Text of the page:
The mind as church

Even the virulent strains of antiorganizational and anticlerical biases--present everywhere in splitsville--have their roots in the past genuflecting before organizational church and ministry. They are simply an overreaction in an opposite direction.

Some have ridden the pendulum so far their confession echoes the deist Thomas Paine, who said, "My own mind is my own church."

Organization, corporations and an ordained ministry are not the problem per se. Rather, where we place them in our relationship to God can be. A church organization did not seize you off the street and nail you to its pew. Any past power it had over you, you gave it.

Oh, sure, you were led astray, duped, pressured, deceived and all the rest, but the bottom line is that you let them do it to you.

It is time we take responsibility for our own part in whatever unhealthy religious experience we had. I made a lot of stupid decisions. How about you? It is easy to play the victim and whine away your days in a state of permanent aggrievement. I see a lot of people doing just that. What a waste, and what a spiritually dangerous state of mind.

What's called for is a new frame of reference, a new spiritual identity. Cease seeing yourself as an ex-something, a former member of this or that church. Rather, proudly see yourself as a son or daughter of the Most High, an eternal member of the one and only true church, headquartered in heaven and ruled by Jesus Christ.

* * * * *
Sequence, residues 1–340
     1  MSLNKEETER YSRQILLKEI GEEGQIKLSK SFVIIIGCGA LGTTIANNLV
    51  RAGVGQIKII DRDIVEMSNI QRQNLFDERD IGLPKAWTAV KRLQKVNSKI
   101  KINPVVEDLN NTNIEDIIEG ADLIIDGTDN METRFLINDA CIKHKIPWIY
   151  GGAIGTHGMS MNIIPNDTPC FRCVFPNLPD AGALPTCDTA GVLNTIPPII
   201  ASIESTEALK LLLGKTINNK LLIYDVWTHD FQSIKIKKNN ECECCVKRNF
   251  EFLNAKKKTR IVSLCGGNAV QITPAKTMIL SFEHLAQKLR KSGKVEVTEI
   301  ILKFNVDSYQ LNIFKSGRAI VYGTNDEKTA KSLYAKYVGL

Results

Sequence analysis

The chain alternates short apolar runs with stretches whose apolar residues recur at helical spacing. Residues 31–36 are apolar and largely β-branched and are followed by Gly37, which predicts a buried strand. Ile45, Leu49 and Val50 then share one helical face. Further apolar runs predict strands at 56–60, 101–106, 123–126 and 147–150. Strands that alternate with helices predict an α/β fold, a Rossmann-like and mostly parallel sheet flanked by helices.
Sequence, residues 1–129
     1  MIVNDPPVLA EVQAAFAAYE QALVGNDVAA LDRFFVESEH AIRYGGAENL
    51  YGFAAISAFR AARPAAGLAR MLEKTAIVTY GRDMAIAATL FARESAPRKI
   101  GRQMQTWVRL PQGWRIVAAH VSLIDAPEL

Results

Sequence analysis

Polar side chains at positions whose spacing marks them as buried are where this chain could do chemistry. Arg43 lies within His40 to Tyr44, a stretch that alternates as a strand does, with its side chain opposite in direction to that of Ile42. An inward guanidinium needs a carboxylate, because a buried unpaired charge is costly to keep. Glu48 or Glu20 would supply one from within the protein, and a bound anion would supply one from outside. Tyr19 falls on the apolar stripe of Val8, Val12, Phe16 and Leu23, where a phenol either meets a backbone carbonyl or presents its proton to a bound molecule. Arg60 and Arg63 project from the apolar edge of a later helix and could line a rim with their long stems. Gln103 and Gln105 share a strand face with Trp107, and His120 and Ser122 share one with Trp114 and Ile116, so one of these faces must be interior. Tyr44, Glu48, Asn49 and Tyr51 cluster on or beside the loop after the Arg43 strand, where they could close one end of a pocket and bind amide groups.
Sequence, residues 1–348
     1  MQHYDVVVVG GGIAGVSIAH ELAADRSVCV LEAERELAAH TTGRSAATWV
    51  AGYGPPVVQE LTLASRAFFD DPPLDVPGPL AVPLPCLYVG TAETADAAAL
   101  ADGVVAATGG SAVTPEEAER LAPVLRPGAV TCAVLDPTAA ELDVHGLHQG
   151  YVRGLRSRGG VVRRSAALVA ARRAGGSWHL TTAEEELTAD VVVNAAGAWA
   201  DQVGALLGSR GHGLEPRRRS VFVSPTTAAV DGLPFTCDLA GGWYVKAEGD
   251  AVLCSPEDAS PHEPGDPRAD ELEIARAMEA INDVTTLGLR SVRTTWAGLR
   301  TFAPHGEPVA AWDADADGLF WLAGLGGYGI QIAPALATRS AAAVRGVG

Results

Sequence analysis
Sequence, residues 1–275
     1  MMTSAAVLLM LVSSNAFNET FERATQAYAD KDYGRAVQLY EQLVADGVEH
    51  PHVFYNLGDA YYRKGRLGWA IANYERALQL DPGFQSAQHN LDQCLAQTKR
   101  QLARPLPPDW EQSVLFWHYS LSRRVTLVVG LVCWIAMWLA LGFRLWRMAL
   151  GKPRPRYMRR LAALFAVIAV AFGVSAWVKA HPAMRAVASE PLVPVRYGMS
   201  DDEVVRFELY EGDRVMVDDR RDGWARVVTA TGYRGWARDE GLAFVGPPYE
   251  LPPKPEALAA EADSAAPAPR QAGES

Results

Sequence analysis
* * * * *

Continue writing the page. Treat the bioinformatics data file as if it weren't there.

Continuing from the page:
Further, see value in your past religious education and tradition: value that was added and that is needed within the diverse Body of Christ.

Even our biblical traditions of Sabbath and festivals represent an ancient and sacred tradition akin to that of the primitive church. This, too, is needed in the Body of Christ.

Look not behind thee

To experience God's healing and a resurgent, fresh Christian walk, Brian Knowles advises we must stop looking backward.

"If you have been hurt or wounded by churches, forgive and let it go. If you want the wounds to heal, stop rubbing salt in them. Stop agitating them through unforgiveness and bitterness. If your life has been negatively affected by the sins of a church leader, take it to God in prayer. Ask something like this . . ."

He then writes a sample prayer whose effect, if sincerely offered, can be like a clean shower after shoveling out the chicken coop of poop. Believe me, it works. It works because it is God's will.

The strength of Because There Was No Shepherd is its program for building a renewed and vibrant faith. Mr. Knowles writes:

"The fact that you have left a congregation, or a denomination, does not mean that your spiritual needs have suddenly disappeared. In fact, they may now be greater than ever. Leaving a church can be a traumatic experience. Spiritually, you may need more support at this time than at any other in your life.

"This can be a time of floundering, indecision, confusion. You may feel that you have been cut loose from your moorings. You are now adrift in a sea of bewildering choices. But at least you don't have to deal with the baggage of the past. Your conscience is clear, and you have placed your life and destiny in the Lord's hands. That last point is the key to everything from this point forward."

Portable faith

Sorting out the options and making the right choices is the challenge. Here Brian Knowles gives us useful information. He reminds us that:

"Our faith, to be authentic, must be portable. It goes where we go. It is manifested when we think, speak or act. We have internalized it. It's what we really believe in our heart of hearts. Anything else is external, and relatively meaningless.